U.S. Treasury yields were mostly steady in early Monday trade as investors eyed the all-important employment report at the end of the week, which could underline the economy’s strength as vaccination rates accelerate.
What are Treasurys doing?
The 10-year Treasury note yield
was at 1.654%, down from 1.658% at the end of last Friday, following the sharpest weekly yield drop since December. The 2-year note yield
was also marginally lower, by 0.5 basis point, to 0.135%, while the 30-year bond yield
slid 1.1 basis points to 2.354%.
What’s driving Treasurys?
The bond market has struggled to find its footing amid occasional bouts of selling that have frightened the rest of Wall Street, with analysts fretting higher yields could to punish vulnerable stocks.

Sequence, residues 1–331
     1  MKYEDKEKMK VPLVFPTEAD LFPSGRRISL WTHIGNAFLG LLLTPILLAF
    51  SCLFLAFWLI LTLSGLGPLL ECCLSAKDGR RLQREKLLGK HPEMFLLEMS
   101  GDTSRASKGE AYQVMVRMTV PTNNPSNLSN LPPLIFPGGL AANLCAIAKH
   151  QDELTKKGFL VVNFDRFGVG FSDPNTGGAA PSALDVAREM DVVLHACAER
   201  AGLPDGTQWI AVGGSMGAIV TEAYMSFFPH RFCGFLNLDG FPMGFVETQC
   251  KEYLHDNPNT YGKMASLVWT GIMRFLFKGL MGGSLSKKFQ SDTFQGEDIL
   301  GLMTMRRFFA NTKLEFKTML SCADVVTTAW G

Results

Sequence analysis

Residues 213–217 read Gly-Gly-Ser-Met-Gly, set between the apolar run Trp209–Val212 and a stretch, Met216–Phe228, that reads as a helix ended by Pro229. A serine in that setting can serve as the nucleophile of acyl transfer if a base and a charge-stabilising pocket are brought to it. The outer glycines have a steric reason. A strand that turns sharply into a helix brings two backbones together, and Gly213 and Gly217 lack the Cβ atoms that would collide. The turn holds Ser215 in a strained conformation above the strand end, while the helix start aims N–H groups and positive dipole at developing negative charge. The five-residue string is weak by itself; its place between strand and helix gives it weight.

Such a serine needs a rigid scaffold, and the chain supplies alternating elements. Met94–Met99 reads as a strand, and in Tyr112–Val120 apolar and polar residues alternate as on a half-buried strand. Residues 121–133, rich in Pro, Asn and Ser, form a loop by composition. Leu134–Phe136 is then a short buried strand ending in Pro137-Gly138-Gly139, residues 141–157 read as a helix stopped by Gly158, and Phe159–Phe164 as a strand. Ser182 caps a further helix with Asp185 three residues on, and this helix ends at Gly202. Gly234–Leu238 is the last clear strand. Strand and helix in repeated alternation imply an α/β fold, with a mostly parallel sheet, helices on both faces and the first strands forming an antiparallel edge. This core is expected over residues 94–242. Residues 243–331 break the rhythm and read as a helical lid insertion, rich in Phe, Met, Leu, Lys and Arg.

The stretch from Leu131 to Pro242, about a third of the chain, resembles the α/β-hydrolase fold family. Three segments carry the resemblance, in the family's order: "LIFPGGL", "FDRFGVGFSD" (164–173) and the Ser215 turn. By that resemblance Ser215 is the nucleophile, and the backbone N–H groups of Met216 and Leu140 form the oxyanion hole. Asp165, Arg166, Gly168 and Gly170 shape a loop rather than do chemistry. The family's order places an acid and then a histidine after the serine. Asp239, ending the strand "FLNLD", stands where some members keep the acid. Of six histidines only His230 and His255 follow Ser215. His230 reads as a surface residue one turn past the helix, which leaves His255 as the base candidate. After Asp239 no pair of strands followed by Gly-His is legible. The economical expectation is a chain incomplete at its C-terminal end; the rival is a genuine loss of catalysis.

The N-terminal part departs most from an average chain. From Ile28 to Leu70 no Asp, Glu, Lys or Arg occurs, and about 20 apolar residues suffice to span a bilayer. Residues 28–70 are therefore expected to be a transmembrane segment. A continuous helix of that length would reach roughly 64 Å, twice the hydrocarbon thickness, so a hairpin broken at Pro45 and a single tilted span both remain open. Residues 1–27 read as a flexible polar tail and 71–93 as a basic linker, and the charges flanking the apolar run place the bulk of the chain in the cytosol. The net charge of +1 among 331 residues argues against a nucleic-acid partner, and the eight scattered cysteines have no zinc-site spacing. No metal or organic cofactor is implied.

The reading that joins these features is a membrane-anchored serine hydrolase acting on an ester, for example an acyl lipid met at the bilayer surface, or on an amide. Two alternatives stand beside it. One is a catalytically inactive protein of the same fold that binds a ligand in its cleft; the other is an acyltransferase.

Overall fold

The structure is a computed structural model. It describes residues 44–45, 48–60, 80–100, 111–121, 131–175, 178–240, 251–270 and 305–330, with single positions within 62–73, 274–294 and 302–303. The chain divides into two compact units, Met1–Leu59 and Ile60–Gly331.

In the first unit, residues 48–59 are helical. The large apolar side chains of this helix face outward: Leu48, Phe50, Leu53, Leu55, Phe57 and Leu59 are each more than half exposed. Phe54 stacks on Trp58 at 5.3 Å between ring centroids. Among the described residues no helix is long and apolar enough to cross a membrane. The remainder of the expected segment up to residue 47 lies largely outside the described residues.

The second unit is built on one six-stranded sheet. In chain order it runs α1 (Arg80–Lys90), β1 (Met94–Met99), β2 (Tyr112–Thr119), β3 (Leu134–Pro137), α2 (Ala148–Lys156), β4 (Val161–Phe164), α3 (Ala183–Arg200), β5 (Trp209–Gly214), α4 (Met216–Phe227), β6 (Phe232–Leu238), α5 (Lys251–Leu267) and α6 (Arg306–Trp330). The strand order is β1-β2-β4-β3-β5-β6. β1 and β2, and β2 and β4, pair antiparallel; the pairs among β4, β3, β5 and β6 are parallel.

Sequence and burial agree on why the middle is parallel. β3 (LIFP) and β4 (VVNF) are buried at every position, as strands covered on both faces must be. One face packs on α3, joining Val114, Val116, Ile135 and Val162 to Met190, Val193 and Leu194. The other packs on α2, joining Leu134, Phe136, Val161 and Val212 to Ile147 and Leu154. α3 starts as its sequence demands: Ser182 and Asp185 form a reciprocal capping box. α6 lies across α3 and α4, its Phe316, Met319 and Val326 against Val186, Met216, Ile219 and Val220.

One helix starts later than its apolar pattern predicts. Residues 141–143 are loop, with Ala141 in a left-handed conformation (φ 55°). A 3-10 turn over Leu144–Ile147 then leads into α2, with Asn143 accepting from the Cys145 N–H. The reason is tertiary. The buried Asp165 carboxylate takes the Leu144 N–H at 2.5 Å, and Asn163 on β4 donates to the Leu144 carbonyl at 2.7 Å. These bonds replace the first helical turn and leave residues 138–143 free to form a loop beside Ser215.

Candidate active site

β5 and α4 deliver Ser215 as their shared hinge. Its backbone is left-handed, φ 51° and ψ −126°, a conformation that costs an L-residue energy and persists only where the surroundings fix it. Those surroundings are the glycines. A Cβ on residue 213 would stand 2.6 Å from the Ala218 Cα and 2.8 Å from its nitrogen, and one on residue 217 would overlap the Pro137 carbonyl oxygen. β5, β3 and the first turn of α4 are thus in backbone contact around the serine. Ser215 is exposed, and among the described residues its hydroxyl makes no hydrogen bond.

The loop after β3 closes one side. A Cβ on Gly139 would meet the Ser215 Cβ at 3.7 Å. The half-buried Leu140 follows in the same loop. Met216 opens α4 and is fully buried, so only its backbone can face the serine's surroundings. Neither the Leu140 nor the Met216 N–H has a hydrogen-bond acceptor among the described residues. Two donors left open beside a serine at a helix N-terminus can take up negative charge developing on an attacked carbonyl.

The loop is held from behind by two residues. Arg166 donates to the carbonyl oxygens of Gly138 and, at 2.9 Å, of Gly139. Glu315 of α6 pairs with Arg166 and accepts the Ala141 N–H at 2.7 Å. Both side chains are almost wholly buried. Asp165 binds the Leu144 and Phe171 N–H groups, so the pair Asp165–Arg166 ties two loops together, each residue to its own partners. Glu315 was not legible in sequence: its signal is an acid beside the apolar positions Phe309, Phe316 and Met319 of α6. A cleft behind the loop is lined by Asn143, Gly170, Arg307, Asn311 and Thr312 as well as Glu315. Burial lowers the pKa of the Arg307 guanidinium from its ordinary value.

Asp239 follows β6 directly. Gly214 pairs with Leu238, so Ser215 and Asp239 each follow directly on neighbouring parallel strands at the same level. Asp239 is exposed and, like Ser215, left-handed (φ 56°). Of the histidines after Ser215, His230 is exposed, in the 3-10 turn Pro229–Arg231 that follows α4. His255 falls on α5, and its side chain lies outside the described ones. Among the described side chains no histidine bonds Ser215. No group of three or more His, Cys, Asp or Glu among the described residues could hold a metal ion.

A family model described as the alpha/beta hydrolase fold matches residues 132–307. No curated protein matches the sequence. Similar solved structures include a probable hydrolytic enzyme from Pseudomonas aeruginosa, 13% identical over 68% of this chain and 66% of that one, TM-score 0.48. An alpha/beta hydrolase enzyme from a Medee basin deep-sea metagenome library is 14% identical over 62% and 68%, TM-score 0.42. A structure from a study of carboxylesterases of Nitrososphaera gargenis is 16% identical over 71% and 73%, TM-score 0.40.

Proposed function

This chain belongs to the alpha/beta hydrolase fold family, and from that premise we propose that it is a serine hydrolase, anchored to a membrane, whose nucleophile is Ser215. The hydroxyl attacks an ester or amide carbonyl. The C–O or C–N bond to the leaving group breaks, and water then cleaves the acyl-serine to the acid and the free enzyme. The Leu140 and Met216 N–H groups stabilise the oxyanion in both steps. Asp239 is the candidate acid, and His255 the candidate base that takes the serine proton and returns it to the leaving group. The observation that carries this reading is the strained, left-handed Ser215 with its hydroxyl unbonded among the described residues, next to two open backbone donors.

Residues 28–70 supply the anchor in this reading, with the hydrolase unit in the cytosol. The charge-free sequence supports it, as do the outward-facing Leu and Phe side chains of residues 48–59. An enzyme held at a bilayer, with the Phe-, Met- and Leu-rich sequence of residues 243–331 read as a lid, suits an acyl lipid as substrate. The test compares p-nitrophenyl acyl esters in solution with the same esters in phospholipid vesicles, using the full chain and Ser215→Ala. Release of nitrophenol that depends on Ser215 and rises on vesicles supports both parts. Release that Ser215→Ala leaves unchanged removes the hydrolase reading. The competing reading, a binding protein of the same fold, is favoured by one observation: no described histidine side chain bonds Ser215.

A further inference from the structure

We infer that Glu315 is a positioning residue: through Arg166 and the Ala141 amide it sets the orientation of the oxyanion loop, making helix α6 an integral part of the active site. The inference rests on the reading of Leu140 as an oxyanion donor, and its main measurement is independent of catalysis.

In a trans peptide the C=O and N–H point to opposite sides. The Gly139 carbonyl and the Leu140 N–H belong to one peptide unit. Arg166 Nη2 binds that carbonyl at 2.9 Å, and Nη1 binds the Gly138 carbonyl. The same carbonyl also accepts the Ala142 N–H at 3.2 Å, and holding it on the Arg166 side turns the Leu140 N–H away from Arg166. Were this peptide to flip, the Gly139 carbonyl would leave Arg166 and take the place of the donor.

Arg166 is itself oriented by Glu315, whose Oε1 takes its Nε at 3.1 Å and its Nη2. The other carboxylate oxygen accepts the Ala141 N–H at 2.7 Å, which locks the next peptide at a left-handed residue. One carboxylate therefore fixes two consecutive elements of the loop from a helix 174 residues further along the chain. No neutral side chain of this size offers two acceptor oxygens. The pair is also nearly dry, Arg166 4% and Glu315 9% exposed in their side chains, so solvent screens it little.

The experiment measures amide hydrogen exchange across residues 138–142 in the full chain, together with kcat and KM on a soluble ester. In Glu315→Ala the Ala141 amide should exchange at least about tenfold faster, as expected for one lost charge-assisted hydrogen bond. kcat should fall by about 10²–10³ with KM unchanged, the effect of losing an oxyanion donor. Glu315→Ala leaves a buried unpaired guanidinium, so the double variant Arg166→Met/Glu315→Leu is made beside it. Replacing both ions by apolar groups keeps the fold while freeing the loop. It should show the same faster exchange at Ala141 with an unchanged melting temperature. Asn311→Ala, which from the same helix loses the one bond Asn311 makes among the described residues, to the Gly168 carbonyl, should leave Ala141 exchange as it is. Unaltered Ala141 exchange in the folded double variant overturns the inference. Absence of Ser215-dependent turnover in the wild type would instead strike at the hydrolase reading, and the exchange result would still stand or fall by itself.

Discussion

That bearish sentiment appeared to fade last week, after the 10-year Treasury note recorded its largest yield decrease since September.
There is no economic data due on Monday ahead of an event-packed week. The official March employment report and the Institute for Supply Management’s manufacturing index are due later this week.
Ultimately, investors will keep a close eye on the recovery of the labor market. The U.S. likely added 600,000-plus new jobs this month, which would be the biggest increase in hiring since early fall.
What did market participants say?
“The jobs number will be front and center later this week as expectations climb with the continued rollout of multiple vaccines,” said Gregory Faranello, head of U.S. rates at AmeriVet Securities.